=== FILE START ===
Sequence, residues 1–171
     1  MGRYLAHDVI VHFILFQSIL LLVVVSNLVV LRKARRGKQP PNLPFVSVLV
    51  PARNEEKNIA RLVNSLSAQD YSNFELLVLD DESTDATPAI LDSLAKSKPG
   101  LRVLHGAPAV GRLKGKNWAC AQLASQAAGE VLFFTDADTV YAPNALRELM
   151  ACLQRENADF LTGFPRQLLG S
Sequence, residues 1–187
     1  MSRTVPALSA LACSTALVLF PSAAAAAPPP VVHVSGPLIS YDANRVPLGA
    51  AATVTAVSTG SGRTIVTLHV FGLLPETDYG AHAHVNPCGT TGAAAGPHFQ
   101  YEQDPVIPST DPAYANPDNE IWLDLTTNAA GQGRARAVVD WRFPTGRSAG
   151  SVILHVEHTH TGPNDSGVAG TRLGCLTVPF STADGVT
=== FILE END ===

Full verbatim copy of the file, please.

Sequence, residues 1–171
     1  MGRYLAHDVI VHFILFQSIL LLVVVSNLVV LRKARRGKQP PNLPFVSVLV
    51  PARNEEKNIA RLVNSLSAQD YSNFELLVLD DESTDATPAI LDSLAKSKPG
   101  LRVLHGAPAV GRLKGKNWAC AQLASQAAGE VLFFTDADTV YAPNALRELM
   151  ACLQRENADF LTGFPRQLLG S
Sequence, residues 1–187
     1  MSRTVPALSA LACSTALVLF PSAAAAAPPP VVHVSGPLIS YDANRVPLGA
    51  AATVTAVSTG SGRTIVTLHV FGLLPETDYG AHAHVNPCGT TGAAAGPHFQ
   101  YEQDPVIPST DPAYANPDNE IWLDLTTNAA GQGRARAVVD WRFPTGRSAG
   151  SVILHVEHTH TGPNDSGVAG TRLGCLTVPF STADGVT